I'm completely pro fritzl and Sterling Gillette. These two are just the faintest voices in English that have some familiarity with shoemaking as it was and is still practiced in middle Europe. The vagaries of WWII destroyed shoemaking in Atlantic Europe and the rest of the Continent in different ways, but a bubble of the old methods lives on in some of the footprint of the old Empire. There is no reason to take affront at learning the truth about your pretty Northampton, French, Italian...or dare I say...Massachusetts shoes. But enjoy them for what they are...at their best, they are styled great and use impressive materials in the visible areas, but they still have elements of mass production that can lead to selection of inferior materials or methods in the parts of the shoe that you do not see. Mass produced shoemaking reached its height in America (as one might expect) with a concentration on fit that I do not think was rivaled elsewhere. That also died with WWII. In the 1920s and 1930s, you could have walked into a major department store in most American cities and be served by shoe salesmen who could not only fit you well, but had at their disposal a myriad of heal, forefoot, and length sizes. A vestige of this hybrid RTW lasting system lives in on Alden's nominal sizing, but only a narrow set of possiblities from these hybrid lasts are produced today RTW. - B
     
  6. voxsartoria

    voxsartoria Goon member

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    Plus, it's finals time and I have a short fuse.

    First, good luck.

    Second, this is a Vass thread, so this is the shoe thread in which F's and SG's stein lids will clatter least.


    - B
     
  7. Imperator

    Imperator Senior member

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    First, good luck.

    Second, this is a Vass thread, so this is the shoe thread in which F's and SG's stein lids will clatter least.


    - B


    Thanks. And that's fair. I'll let it go. Both SG and F add a lot to the board (more than I do, certainly).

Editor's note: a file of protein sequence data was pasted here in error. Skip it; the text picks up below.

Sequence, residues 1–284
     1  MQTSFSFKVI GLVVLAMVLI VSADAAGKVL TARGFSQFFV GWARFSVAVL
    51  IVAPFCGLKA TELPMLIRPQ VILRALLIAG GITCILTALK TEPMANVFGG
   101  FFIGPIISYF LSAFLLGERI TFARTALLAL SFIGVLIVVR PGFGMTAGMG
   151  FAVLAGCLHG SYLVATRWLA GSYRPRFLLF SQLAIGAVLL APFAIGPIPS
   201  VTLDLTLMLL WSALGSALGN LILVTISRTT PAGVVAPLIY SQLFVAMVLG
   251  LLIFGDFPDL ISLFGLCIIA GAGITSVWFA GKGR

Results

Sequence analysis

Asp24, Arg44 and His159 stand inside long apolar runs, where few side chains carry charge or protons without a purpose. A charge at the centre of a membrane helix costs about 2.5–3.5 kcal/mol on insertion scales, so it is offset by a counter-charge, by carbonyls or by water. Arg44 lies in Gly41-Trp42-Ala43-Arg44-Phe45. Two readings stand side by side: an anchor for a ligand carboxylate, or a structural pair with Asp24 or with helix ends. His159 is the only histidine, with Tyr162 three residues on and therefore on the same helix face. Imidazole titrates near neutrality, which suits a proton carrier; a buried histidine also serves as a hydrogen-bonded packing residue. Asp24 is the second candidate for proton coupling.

8. AlanC

    AlanC Minister of Trad

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    There is no reason to take affront at learning the truth about your pretty Northampton, French, Italian...or dare I say...Massachusetts shoes. But enjoy them for what they are...at their best, they are styled great and use impressive materials in the visible areas, but they still have elements of mass production that can lead to selection of inferior materials or methods in the parts of the shoe that you do not see.

    I understand they're really no better than Walmart shoes.
     
  9. mr monty

    mr monty Senior member

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    For those that own or tried on Vass in the U-last and the New Peter last.

    Do you wear the same size in U-last as in the New Peter last?

    thanks,
     
  10. pkincy

    pkincy Senior member

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  11. ThinkDerm

    ThinkDerm Senior member

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    furo - you owe me for telling you to get those - i knew they would fit!
     
  12. fritzl

    fritzl Senior member

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    I'm completely pro fritzl and Sterling Gillette. These two are just the faintest voices in English that have some familiarity with shoemaking as it was and is still practiced in middle Europe. The vagaries of WWII destroyed shoemaking in Atlantic Europe and the rest of the Continent in different ways, but a bubble of the old methods lives on in some of the footprint of the old Empire.

    There is no reason to take affront at learning the truth about your pretty Northampton, French, Italian...or dare I say...Massachusetts shoes. But enjoy them for what they are...at their best, they are styled great and use impressive materials in the visible areas, but they still have elements of mass production that can lead to selection of inferior materials or methods in the parts of the shoe that you do not see.

    Mass produced shoemaking reached its height in America (as one might expect) with a concentration on fit that I do not think was rivaled elsewhere. That also died with WWII. In the 1920s and 1930s, you could have walked into a major department store in most American cities and be served by shoe salesmen who could not only fit you well, but had at their disposal a myriad of heal, forefoot, and length sizes.

    A vestige of this hybrid RTW lasting system lives in on Alden's nominal sizing, but only a narrow set of possiblities from these hybrid lasts are produced today RTW.

    - B


    just great, thanks Bill

    yes, I love vass [​IMG]
     
  13. kolecho

    kolecho Senior member

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    Me too, Fritzl.
     
  14. Pezzaturra

    Pezzaturra Senior member

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    Well I am so, so on VASS. Ehhhh not so much. M-m-m I still buy them but their quality is slipping and calfskin they use is blah and don't get me started on their colors. Cognac my ass ;muddy bordeaux does not make cognac color.
    Plus the way that F-last on double sole upturns its toebox (a-la clown shoes) is awful.
     
  15. furo

    furo Senior member

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    furo - you owe me for telling you to get those - i knew they would fit!

    Yeah you were definitely right. They fit like gloves [​IMG]